- Inadequate job matching is a major cause of inaccuracies in the data collected by market analysis. Be as clear as possible about the job and the employee profile required for the job. Having a clear job description helps compare like with like.
- Look at the market midpoint or the median for the position from the data sources. Typically, benchmark jobs (these are standard jobs for which market data will likely be available) are used for comparisons in case of positions that are not available in the data source.
- Create a salary range based on the market position that you aim to occupy. Determine the width of the salary range, the minimum, midpoint, and maximum you would be willing to pay. Typically, higher-level positions have broader ranges while junior roles have a narrower range.
Let’s go with an example:
For a better understanding of how the entire process looks, consider this example:
A company “ABC Software” wants to offer more competitive compensation in order to attract new talent and retain their employees. The company is functioning in the IT sector and has an office in Barcelona with 500 employees. They have raised +20M€ and they want to compete with top employers hiring in Barcelona.
They are reviewing their salary structures for IT professionals. To simplify matters, let’s analyze a single position: “Software Developer”. Currently, they are paying 58k€ for a senior-level software developer with 5 years of experience.
Firstly, the competitors are defined using the following criteria:
- Location: Barcelona
- Company size: At least 500
- Sector: IT
- Funding received: +20M€
This would generate a list of companies hiring talent in Barcelona, functioning in the IT sector that received funding of +20M€ with a size of at least 500 employees. The market data is filtered to focus on these competitors. After applying the filtering criterion, the following salary data for a software developer in Barcelona is generated.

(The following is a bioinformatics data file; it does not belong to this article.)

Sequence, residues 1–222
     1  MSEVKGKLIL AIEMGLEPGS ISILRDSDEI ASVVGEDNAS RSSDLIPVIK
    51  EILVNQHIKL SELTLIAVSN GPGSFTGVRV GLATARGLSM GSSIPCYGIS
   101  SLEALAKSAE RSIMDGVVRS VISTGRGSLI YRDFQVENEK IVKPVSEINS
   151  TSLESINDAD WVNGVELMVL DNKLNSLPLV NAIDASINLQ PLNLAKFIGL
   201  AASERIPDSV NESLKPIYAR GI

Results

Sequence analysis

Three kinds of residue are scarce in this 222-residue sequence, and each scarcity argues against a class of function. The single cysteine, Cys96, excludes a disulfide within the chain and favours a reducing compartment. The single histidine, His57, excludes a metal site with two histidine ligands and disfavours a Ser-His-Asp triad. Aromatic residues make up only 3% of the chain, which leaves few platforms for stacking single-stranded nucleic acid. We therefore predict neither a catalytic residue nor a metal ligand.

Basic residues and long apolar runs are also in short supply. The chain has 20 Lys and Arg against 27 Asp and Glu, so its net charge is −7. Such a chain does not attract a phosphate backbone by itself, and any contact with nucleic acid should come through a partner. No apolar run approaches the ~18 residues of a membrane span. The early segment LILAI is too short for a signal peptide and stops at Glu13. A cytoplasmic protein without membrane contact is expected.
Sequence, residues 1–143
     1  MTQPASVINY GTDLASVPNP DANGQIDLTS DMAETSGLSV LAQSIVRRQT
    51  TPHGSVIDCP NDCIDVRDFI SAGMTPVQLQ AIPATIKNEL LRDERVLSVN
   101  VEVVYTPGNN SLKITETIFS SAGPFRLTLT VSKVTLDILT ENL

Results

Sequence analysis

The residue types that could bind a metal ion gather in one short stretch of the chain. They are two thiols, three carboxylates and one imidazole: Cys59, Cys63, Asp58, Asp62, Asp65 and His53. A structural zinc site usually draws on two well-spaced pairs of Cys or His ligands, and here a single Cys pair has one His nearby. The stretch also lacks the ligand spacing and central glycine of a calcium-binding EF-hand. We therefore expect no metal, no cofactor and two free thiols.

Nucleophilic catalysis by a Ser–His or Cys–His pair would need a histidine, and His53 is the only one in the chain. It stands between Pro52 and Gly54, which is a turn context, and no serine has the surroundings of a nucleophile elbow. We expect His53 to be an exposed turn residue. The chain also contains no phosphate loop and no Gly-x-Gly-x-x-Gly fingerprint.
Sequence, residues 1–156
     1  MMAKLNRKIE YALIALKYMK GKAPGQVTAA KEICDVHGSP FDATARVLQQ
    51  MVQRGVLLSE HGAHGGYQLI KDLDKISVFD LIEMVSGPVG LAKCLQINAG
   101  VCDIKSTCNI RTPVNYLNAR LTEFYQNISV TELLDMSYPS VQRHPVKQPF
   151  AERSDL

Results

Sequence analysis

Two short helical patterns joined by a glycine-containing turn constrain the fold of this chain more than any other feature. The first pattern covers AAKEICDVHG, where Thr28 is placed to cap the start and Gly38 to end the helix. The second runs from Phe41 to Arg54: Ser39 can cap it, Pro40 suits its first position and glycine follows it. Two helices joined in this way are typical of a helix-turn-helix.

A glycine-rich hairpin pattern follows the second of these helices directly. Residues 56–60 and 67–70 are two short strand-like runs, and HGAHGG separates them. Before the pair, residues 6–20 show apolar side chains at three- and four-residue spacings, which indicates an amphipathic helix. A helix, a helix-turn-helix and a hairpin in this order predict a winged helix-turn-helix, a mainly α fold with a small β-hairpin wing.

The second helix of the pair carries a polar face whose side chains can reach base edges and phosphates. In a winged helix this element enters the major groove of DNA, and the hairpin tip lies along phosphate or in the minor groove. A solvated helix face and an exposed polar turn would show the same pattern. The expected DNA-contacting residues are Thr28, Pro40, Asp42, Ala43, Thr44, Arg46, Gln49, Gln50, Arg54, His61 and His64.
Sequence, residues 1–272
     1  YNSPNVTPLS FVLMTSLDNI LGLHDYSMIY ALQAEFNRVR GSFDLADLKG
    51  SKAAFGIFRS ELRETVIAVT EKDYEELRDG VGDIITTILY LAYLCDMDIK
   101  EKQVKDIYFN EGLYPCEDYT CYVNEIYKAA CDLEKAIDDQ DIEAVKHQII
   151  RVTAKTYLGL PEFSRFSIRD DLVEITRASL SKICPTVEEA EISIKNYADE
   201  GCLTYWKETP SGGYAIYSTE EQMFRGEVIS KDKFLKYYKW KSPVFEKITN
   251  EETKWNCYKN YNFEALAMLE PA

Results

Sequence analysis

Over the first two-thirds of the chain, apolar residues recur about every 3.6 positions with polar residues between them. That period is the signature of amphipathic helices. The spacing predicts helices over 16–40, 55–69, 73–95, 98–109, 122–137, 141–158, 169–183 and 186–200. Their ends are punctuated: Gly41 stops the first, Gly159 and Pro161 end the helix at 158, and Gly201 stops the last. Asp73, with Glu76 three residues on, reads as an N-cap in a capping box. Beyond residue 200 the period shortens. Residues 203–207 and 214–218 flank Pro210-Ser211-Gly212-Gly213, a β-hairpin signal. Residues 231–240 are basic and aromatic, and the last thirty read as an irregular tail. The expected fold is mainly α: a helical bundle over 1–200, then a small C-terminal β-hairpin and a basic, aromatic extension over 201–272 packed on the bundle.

The company is currently offering 58k€ for a senior software developer with five years of experience at the company. It means they are paying in the 50th percentile.
As their aim is to become more attractive to employees, this translates into their compensation strategy, as they start offering more competitive compensation. They decide to compete with top employers and move into paying in the 90th percentile.
It means they would now offer 63k€ instead of 58k€ for the position of a senior software developer with five years of experience. Thanks to this information, the company is capable of making informed decisions, and it’s able both to hire faster, and to retain more talent as this information can be also used to update existing salaries within the company.
Don’t know where to start?
Platforms such as talentup.io can help you to gather this information in record time. Using a salary benchmarking service gives you full visibility of what is happening in the market. Plus, it supports your conversations with the leadership team when it comes to defining the most beneficial compensation strategy for your company. There are plenty of free resources that you can use now to start taking data-driven decisions in your company. Check them out!